to each segment. Annelids are worms with
segmented bodies. They have a true
coelom that is lined with tissue derived
from mesoderm.

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Name

Class

Annelids have complex organ systems.


Many annelids get their food using a
pharynx. In earthworms, food moves
through the crop, where it can be stored.
Then, food moves through the gizzard,
where it is ground into smaller pieces.
Annelids typically have a closed circulatory
system, in which blood is contained in a
network of blood vessels.
Aquatic annelids often breathe through
gills. A gill is an organ specialized for the
exchange of gases underwater. Most
annelids reproduce sexually. Some annelids,
including earthworms, are hermaphroditic.
When eggs are ready to be fertilized, a
clitelluma band of thickened segments
secretes a mucus ring in which fertilization
takes place.
There are three classes of annelids:
oligochaetes, leeches, and polychaetes. The
oligochaetes are annelids that typically have
streamlined bodies and relatively few setae.
Most oligochaetes, including earthworms,
live in soil or fresh water. The class
Hirudinea includes the leeches. Leeches are
typically external parasites that suck the
blood and body fluids of their hosts. The
polychaetes are marine annelids that have
paired, paddlelike appendages tipped with
setae.
Earthworms mix and aerate soil. Their
tunnels provide passageways for plants.
Their feces enrich the soil.

Date
The body plan of most mollusks has
four parts. The muscular foot is used for
crawling, burrowing, or catching prey. The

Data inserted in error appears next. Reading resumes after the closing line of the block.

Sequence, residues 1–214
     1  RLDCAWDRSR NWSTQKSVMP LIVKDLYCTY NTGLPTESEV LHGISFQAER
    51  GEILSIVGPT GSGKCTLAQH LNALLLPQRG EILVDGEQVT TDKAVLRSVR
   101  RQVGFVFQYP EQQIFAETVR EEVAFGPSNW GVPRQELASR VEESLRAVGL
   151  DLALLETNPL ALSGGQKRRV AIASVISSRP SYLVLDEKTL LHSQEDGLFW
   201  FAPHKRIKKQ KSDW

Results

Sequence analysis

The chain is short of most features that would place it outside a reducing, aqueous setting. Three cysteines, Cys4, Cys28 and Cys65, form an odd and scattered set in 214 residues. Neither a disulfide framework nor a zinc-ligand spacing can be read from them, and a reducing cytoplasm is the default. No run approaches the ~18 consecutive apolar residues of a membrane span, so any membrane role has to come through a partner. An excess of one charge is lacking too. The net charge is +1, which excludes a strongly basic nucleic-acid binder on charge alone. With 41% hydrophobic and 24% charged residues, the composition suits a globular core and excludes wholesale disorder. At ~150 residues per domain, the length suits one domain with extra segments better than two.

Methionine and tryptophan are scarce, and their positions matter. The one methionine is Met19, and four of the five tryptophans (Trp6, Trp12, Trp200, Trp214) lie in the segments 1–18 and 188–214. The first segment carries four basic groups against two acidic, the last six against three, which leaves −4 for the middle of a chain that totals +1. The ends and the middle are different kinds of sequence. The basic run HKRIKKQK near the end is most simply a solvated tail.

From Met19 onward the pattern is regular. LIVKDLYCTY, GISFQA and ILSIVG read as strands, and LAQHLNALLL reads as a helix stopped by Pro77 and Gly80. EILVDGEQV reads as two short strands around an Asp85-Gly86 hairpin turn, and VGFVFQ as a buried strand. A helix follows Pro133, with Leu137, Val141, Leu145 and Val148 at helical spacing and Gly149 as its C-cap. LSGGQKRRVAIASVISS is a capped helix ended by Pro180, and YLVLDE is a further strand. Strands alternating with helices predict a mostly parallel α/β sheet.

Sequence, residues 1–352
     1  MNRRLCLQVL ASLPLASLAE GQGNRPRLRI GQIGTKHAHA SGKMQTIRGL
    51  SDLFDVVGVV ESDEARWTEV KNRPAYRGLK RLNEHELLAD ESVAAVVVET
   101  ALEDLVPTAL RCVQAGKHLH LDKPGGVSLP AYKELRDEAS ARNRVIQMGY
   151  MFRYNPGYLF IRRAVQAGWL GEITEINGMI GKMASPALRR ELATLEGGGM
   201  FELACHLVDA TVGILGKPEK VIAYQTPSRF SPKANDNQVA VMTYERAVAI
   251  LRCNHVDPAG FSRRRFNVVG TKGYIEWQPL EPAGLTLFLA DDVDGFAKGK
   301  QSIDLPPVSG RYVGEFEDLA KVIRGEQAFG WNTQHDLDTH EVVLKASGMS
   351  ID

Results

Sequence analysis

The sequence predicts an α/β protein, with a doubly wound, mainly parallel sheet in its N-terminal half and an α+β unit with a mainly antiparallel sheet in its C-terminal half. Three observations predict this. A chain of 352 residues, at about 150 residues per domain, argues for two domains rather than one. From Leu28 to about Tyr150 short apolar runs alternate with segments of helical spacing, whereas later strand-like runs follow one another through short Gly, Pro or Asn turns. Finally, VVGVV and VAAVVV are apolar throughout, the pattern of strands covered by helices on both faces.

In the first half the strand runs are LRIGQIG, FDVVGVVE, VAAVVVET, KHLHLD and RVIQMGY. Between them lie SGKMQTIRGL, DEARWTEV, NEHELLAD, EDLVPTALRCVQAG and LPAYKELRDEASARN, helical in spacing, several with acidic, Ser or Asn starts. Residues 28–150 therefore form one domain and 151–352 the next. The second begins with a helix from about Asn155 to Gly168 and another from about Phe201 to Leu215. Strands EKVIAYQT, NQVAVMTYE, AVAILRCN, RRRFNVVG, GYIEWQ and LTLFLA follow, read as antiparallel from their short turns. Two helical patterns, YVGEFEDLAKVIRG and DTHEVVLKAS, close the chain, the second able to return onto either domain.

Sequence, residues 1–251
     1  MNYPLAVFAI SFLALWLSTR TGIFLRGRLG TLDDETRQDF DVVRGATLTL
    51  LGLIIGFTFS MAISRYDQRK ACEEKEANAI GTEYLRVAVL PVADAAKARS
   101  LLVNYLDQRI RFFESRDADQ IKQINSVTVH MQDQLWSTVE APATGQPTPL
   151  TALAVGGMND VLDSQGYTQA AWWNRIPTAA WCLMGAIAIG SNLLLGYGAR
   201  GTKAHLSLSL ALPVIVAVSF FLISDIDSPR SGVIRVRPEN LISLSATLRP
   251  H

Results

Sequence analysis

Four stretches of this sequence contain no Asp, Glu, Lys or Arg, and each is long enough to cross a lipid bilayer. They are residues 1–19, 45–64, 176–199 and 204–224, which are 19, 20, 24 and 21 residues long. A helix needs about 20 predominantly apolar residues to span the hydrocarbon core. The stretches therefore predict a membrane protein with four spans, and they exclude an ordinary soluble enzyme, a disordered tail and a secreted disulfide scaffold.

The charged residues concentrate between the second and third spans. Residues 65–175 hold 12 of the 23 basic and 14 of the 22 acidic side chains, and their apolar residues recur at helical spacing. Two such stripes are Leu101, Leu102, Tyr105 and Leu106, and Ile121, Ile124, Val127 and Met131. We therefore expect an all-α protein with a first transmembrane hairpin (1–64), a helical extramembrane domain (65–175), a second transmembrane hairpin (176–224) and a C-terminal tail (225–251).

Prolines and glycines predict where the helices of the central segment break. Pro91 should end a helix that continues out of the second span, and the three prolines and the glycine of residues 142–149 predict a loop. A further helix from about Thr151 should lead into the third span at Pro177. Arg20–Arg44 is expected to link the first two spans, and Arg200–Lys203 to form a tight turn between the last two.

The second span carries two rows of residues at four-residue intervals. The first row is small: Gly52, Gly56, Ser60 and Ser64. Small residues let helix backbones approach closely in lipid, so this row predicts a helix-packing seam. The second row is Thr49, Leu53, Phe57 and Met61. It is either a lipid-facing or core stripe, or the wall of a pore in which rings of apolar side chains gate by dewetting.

mantle is a thin layer of tissue that covers
most of the mollusks body. The shell is
made by glands in the mantle that secrete
calcium carbonate (limestone). Just beneath
the mantle is the visceral mass, which consists of the internal organs.
Mollusks can be herbivores, carnivores,
filter feeders, detritivores, or parasites.
Snails and slugs feed using a flexible,
tongue-shaped structure called a radula.
Mollusks have an open circulatory system,
in which blood is pumped through vessels
and through sinuses.
There are three major classes of mollusks. The gastropods include pond snails,
land slugs, and nudibranchs. Gastropods
are shell-less or single-shelled mollusks that
move by using a muscular foot located on
the ventral (lower) side. The bivalves
include clams, oysters, mussels, and scallops. Bivalves have two shells that are held
together by one of two powerful muscles.
Cephalopods include octopi, squids, cuttlefishes, and nautiluses. Cephalopods are typically soft-bodied mollusks in which the
head is attached to a single foot. The foot is
divided into tentacles. Most cephalopods
have only small internal shells or no shells
at all. Cephalopods have numerous complex sense organs.

27-4 Mollusks
Mollusksphylum Molluscaare softbodied animals that usually have an internal or external shell. Many mollusks share
similar developmental stages. Many aquatic
mollusks have a free-swimming larval stage
called a trochophore.